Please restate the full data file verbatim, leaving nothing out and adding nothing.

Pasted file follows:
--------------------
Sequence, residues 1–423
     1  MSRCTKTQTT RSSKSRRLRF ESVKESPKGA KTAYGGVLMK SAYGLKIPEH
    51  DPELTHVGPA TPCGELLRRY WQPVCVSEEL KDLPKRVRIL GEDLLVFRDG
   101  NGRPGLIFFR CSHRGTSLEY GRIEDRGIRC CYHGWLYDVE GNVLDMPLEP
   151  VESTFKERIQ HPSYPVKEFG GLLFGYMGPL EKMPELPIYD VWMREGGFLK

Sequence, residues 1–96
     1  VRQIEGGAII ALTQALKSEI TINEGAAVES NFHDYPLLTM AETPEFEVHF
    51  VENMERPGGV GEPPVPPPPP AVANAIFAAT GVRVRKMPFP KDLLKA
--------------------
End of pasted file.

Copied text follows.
Sequence, residues 1–423
     1  MSRCTKTQTT RSSKSRRLRF ESVKESPKGA KTAYGGVLMK SAYGLKIPEH
    51  DPELTHVGPA TPCGELLRRY WQPVCVSEEL KDLPKRVRIL GEDLLVFRDG
   101  NGRPGLIFFR CSHRGTSLEY GRIEDRGIRC CYHGWLYDVE GNVLDMPLEP
   151  VESTFKERIQ HPSYPVKEFG GLLFGYMGPL EKMPELPIYD VWMREGGFLK

Sequence, residues 1–96
     1  VRQIEGGAII ALTQALKSEI TINEGAAVES NFHDYPLLTM AETPEFEVHF
    51  VENMERPGGV GEPPVPPPPP AVANAIFAAT GVRVRKMPFP KDLLKA